Make Christmas great again.
That should be the motto of GAC Family, the network launched this fall as a wholesome, family-friendly alternative to the Hallmark Channel.
Yes, you read that correctly. For those who feel that the TV equivalent of a pine-scented Yankee candle is too risque or that Hallmark — which has joined in an industry-wide effort to diversify its holiday content, including, last year, its first gay romance — has become a mouthpiece for woke warriors, there's a new channel where the only snowflakes allowed are the kind that fall during sappy rom-com climaxes.
The Hallmark connection isn't exactly a coincidence. GAC Family and its sibling, GAC Living — "GAC," formerly Great American Country, now stands for Great American Channels — are helmed by Bill Abbott, the former chief executive of Hallmark's parent company, Crown Media.
Abbott famously oversaw the company during perhaps its biggest scandal to date. In late 2019, a series of ads for the wedding-planning website Zola featuring brides kissing at a same-sex wedding caused an outcry from conservative pressure groups like One Million Moms, which said the spots went "against Christian and conservative values that are important to your primary audience" and threatened that the network would lose viewers for "caving" to the so-called LGBTQ "agenda." Hallmark pulled the ads, sparking an even larger backlash, and eventually apologized. Abbott left the company a month later.
Clearly, Abbott had some unfinished business, including finding a solution to the decline in all the excellent Christmas programming he'd helped build over the years. (Your Hallmark Christmas movie joke here.) He's since created the new GAC Family, a network that promises to deliver family-friendly, holiday-themed movies and TV series that celebrate "American culture, heritage and lifestyle" — or at least the narrowly "aspirational" picture of America that he and the folks funding the place envision. (An investor group with ties to former President Trump is backing the network, according to Vulture.)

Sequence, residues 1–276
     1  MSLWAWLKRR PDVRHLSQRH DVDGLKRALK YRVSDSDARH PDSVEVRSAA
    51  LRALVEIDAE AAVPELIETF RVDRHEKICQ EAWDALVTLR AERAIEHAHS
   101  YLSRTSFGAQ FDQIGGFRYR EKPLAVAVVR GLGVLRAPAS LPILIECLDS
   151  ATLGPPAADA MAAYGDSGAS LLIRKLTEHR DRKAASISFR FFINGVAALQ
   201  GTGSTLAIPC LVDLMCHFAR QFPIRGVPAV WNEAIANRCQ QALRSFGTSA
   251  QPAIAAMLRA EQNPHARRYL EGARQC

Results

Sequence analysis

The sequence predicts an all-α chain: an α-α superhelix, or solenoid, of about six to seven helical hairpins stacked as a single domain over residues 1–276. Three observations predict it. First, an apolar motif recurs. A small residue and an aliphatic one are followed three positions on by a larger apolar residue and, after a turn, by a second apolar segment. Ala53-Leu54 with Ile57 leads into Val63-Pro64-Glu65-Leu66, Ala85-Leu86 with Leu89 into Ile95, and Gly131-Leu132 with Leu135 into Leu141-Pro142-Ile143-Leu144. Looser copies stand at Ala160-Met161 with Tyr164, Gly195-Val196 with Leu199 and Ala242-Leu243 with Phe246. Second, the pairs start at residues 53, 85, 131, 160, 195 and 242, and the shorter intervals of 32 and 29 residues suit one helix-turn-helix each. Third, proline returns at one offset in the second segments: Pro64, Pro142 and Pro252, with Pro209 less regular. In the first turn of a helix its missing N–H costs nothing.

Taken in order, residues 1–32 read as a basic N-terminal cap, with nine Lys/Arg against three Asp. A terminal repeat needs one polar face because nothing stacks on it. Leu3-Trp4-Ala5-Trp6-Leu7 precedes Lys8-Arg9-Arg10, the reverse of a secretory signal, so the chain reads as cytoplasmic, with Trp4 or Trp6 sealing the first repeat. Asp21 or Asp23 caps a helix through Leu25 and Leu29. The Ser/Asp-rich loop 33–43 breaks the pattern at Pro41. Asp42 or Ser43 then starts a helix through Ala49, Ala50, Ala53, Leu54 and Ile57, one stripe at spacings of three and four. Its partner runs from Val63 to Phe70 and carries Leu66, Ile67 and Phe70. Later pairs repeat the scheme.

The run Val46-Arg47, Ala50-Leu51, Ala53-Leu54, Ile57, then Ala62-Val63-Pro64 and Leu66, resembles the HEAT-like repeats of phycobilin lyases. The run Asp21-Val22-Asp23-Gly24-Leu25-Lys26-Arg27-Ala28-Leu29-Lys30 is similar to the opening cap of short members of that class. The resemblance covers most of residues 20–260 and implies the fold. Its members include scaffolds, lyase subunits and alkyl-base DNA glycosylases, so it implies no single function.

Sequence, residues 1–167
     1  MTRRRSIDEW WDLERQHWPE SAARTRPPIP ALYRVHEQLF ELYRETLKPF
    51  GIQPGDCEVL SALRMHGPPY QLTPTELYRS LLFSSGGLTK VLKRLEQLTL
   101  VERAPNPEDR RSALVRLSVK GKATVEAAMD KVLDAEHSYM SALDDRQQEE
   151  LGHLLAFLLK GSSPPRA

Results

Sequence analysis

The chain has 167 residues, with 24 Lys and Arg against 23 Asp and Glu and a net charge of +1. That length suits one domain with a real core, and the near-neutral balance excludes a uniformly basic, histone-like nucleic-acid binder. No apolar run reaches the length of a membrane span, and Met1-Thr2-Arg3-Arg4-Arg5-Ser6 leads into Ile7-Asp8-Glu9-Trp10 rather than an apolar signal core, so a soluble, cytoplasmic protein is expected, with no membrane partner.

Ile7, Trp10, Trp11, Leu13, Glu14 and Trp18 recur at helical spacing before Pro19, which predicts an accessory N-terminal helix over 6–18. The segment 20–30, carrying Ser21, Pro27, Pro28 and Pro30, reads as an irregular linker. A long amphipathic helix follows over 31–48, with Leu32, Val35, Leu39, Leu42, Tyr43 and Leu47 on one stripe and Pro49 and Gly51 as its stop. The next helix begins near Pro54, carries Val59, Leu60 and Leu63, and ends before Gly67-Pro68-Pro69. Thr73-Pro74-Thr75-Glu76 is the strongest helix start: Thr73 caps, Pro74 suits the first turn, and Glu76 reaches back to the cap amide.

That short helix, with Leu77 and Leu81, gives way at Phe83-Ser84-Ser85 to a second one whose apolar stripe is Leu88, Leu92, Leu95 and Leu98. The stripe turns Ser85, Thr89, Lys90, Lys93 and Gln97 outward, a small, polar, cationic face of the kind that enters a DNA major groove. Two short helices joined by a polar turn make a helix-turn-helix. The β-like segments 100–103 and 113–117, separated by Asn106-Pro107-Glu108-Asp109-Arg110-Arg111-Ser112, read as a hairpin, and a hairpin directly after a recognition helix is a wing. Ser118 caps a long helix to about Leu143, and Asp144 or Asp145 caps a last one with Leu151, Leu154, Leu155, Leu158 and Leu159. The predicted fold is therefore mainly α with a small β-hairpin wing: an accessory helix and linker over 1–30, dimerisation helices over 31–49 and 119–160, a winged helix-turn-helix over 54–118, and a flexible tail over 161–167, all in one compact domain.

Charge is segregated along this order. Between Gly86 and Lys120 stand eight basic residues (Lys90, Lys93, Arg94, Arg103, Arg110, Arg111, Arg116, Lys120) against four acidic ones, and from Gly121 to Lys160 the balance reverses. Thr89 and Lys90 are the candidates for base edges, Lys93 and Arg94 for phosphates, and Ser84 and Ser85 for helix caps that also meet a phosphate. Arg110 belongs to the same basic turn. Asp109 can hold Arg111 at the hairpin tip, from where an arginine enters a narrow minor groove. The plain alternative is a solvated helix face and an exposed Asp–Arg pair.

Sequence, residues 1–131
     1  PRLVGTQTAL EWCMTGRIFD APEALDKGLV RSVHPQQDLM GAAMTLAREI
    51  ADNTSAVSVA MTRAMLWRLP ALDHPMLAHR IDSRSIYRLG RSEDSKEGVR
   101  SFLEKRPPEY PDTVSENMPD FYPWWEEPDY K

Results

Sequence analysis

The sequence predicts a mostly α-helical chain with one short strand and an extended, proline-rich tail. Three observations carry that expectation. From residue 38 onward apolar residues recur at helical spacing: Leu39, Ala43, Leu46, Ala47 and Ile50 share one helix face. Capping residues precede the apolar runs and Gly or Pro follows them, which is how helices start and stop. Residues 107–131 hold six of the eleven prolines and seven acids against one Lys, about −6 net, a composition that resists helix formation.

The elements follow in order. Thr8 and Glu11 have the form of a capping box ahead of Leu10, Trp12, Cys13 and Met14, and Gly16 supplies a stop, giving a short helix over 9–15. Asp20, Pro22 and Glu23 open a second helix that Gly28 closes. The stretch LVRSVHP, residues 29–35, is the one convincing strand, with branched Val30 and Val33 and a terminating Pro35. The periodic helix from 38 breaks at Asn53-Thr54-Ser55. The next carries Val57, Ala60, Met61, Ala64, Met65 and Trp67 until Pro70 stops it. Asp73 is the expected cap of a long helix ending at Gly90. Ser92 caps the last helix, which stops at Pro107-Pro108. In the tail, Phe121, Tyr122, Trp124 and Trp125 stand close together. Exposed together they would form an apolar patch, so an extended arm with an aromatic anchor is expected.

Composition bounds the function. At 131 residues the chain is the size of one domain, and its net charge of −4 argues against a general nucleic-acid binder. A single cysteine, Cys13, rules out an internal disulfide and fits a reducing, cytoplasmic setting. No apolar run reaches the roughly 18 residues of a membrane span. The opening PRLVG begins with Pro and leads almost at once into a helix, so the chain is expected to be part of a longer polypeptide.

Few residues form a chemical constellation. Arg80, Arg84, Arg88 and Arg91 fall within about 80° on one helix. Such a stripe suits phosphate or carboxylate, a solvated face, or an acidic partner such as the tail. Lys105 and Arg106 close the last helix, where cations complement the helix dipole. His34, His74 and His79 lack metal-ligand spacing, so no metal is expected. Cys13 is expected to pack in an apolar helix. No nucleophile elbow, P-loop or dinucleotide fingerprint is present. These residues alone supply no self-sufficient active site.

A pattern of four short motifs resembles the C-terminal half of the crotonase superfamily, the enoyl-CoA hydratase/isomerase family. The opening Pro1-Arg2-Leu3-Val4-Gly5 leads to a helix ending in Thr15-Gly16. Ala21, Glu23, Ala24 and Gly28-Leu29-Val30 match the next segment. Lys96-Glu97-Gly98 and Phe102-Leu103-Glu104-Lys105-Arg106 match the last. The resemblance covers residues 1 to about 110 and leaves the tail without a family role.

As you might expect from the dog whistle of "American culture, heritage and lifestyle," dreaming of a white Christmas takes on a whole new meaning when looking over the network's original lineup of holiday movies, including "A Kindhearted Christmas," "A Christmas Miracle for Daisy" and "A Christmas Star." All but one of the channel's 12 movies this year revolve around straight, white characters. On its website, GAC Media states that the company's mission is to "celebrate great American traditions and invest in timeless, family-friendly entertainment that honors Americana." Abbott said in a separate press release that he hoped the networks would "deliver on the promise of safe ... storytelling."
And who, you ask, is the headlining star of this safe harbor of holiday entertainment? Why, felon Lori Loughlin, of course. Last year, the "Full House" actor spent two months behind bars after pleading guilty to paying half a million dollars in bribes to get her two daughters into college. GAC is helping facilitate her comeback in its spinoff of Hallmark's "When Calls the Heart," "When Hope Calls." She'll also appear in the two-part Season 2 premiere on Dec. 18.
So is the holiday fare on GAC better or worse than the stuff on Hallmark, Lifetime and the other competitors in the Christmas movie space? It's worth noting that the network isn't exactly overflowing with yuletide titles. At this point, the majority of its programming still consists of reruns: "I Dream of Jeannie," "Bewitched," "Hazel," "Father Knows Best" and the comparatively modern sitcom "Who's the Boss." The dozen films in its "Great American Christmas" collection are essentially well-made, boy-meets-girl romantic comedies, as unremarkable and sickly sweet as drugstore candy canes. Even the titles are interchangeable. In other words, they are to television what the ugly Christmas sweater is to fashion: an unfortunate holiday tradition.
Americana. American traditions. Safe storytelling. It's the coded language the network uses about its content, as much as the content itself, that reveals its underlying message, one echoed across conservative media and politics: The "real" America is suburban or rural, predominantly white, heterosexual and Christian. Especially when tied up with a holiday bow, it's a message far more dangerous, and demonstrably false, than any Christmas movie (or wedding-planning ad) with a gay couple at its center. And for this alone, GAC — a channel whose name sounds more like a bout of indigestion than a celebration — may leave you with an upset stomach.
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